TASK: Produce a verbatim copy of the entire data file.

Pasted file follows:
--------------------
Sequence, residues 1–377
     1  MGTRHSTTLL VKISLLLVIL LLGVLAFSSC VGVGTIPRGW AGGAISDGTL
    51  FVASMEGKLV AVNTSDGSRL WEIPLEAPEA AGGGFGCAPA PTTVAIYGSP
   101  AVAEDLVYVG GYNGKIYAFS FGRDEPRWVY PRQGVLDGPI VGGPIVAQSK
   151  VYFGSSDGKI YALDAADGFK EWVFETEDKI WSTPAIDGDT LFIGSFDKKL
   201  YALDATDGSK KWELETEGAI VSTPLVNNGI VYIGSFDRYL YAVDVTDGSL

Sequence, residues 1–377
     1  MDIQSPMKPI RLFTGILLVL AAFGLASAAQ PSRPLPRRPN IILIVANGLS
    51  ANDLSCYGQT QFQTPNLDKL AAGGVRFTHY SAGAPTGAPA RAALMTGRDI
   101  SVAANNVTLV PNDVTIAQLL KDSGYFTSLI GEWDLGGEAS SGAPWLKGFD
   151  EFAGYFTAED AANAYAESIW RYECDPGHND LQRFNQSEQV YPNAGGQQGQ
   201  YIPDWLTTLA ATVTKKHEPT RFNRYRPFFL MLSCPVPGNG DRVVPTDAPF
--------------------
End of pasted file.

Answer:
Sequence, residues 1–377
     1  MGTRHSTTLL VKISLLLVIL LLGVLAFSSC VGVGTIPRGW AGGAISDGTL
    51  FVASMEGKLV AVNTSDGSRL WEIPLEAPEA AGGGFGCAPA PTTVAIYGSP
   101  AVAEDLVYVG GYNGKIYAFS FGRDEPRWVY PRQGVLDGPI VGGPIVAQSK
   151  VYFGSSDGKI YALDAADGFK EWVFETEDKI WSTPAIDGDT LFIGSFDKKL
   201  YALDATDGSK KWELETEGAI VSTPLVNNGI VYIGSFDRYL YAVDVTDGSL

Sequence, residues 1–377
     1  MDIQSPMKPI RLFTGILLVL AAFGLASAAQ PSRPLPRRPN IILIVANGLS
    51  ANDLSCYGQT QFQTPNLDKL AAGGVRFTHY SAGAPTGAPA RAALMTGRDI
   101  SVAANNVTLV PNDVTIAQLL KDSGYFTSLI GEWDLGGEAS SGAPWLKGFD
   151  EFAGYFTAED AANAYAESIW RYECDPGHND LQRFNQSEQV YPNAGGQQGQ
   201  YIPDWLTTLA ATVTKKHEPT RFNRYRPFFL MLSCPVPGNG DRVVPTDAPF